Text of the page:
21. 21. Shade coffee and biodiversity conservation in East Africa • Not a similar regional corridor function • Contribution to conservation of European migrants not emphasized • Relatively limited information in East Africa • Naidoo 04, bird richness correlated to tree density and distance to intact forest in Mabira, Southern Uganda. Limited contribution of coffee-banana systems to conservation of forest- dependent songbird species • Soini 06, tree cover reduction and fragmentation, highland homegardens with coffee-banana and large trees more bird-diverse than lowland and midland systems. European-style highland richest due to high niche diversity and lower human disturbance of shrub layer
  22. 22. Mabira Forest banana-coffee landscape, Southern Uganda Ordination of the 96 stations obtained from a Detrended Correspondence Analysis of the species composition of bird communities. primary 160 secondary 140 agro 120 Distance between 100 stations 80 indicates degree of 60 similarity in bird community 40 composition 20 0 0 100 200 300 400 Number of species primary=secondary>agro
  23. 23. Factors enhancing conservation value Coffee plantation characteristics • Structural complexity (habitat) and floristic composition (food sources) • Plantation management intensity (thinning, pollarding, fertilizers) • Vertical canopy thickness, coffee height and presence of epiphytes for butterfly diversity Landscape factors Source: Turyomurugyendo • Overall landscape degradation • Landscape characteristics – Number and size of forest fragments – Distance and connectivity to forest patches (mobile vs less mobile spp) • Forest management policy. Hard edges in East Africa for segregating land uses, reducing h-w conflicts, easier enforcement of restrictions
  24. 24. Eastern Arc Mountains & Coastal Forests hotspot
  25. 25. The Albertine Rift Maiko NP Tayna Kahuzi-Biega NP Mukura FR Nyungwe NP Kibira NP Itombwe Massif
  26. 26. Wild forest coffee in Ethiopia • Focus on conserving the Arabica center of endemism • Wild coffee forests, transformation of undisturbed coffee forest to semi- forest coffee – Removal of overstorey trees and shrubs – Increase of 26% of plant species (disturbance-adapted) • 25% of national coffee production Pressures • Internal and government-planned resettlement for Northerners • Land conversion for agriculture and settlement • Demand for forest products Potential and current forest cover
  27. 27. Shade coffee certification and conservation • Markets of shade-grown coffee appear important for providing a reward for conservation • Caution: encouraging primary forest conversion; lowering of standards; blanket endorsement of all shade systems • Challenge of ensuring that farmers are main recipients of premiums • Capacity of programs to certify systems according to their conservation efficiency? – SMBC, Rainforest Alliance, SCAA all rule in rustic coffee systems and rule out shade monocultures. But variable for intermediate shade intensities. • Need to improve conservation benchmarks (transitory habitat use to breeding viability) • Consider yield losses; Establishing premiums complicated due to non-linearity of relationship between shade and yield, and sensitivity to shade removal varies between species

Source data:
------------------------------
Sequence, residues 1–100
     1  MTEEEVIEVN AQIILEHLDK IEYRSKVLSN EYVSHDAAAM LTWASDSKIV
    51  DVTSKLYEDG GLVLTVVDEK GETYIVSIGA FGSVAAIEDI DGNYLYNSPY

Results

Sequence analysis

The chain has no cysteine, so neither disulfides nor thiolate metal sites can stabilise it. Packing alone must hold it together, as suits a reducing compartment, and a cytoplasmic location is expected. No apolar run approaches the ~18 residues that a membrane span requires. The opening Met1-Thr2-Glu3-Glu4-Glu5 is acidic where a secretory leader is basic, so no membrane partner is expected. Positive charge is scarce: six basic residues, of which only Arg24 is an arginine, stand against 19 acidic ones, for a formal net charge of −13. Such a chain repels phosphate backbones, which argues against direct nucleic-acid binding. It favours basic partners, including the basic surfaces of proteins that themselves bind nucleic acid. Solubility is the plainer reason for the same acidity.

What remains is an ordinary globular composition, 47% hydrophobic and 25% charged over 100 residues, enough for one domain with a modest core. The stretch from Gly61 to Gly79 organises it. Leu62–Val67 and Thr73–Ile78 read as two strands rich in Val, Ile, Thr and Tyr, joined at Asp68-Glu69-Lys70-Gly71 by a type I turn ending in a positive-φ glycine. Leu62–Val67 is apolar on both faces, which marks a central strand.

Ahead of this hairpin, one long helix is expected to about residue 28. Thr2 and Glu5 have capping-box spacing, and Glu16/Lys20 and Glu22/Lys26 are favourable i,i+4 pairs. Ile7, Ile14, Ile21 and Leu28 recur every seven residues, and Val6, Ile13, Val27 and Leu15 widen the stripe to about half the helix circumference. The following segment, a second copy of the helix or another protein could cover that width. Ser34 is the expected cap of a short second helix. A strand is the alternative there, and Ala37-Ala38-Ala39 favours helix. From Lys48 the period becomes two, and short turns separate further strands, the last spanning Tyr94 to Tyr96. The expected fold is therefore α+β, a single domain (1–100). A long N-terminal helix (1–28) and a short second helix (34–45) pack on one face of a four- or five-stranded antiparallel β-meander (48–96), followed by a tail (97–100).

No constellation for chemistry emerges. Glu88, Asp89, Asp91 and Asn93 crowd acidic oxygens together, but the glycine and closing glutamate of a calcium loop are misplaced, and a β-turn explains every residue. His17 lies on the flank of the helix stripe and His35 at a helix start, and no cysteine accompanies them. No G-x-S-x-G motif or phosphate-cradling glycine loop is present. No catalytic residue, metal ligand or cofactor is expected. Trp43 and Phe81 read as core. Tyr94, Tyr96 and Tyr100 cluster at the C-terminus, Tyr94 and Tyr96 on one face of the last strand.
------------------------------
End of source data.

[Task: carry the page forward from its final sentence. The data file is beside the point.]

28. 28. Shade coffee certification and conservation • Lowest market share among fair trade, organic, and shade-grown, 10% of all certified exports from L. America • Exclusively for L. American coffee • A few certification initiatives in East Africa (local brands, Fair Trade, Organic, Utz Kapeh, Starbuck,….Rainforest Alliance ) • Potential of appellation coffee where shade is a recognized practice?
  29. 29. Conclusions • Sun coffee adapted for maximizing yields, but optimal conditions and intensive management are required. High environmental costs (soil erosion, water pollution). Little knowledge of long term effects. • Critical role in smallholder systems with limited management capacity in sub-optimal conditions for moderating microclimate, diversifying production and minimizing risk. Present by default, but needs systematic investment. • Lots of emphasis on Central American shade coffee systems. Characterization, management intensity, importance for biodiversity conservation, commercial promotion.
  30. 30. Conclusions • Great need to better characterize and invest in EA coffee systems if potential of shade is to be explicitly utilized. • Compared to Mesoamerican regional corridor function, conservation potential of EA shade coffee systems is more diffused. Needs greater documentation. • Due to high renowned quality, much potential for developing coffee certification programs in EA • Nascent market mechanisms to reward shade management and coffee quality. Shade coffee best integrated in other certification approaches • Research on constraints in integrating trees and commercializing products (technical, grading, prices, knowledge)
  31. 31. Second International Symposium on Multi-Strata Agroforestry Systems with Perennial Crops, 17-21 September 2007, Turrialba, Costa Rica, CATIE • Biophysical interactions of shade at plant and plot level • Quantification and valuation of environmental services of perennial crop AFS at landscape level • Science of certification schemes for eco-labeling of perennial crop products from AFS • Social and economical importance of products derived from perennial AFS
  32. 32. Thank you!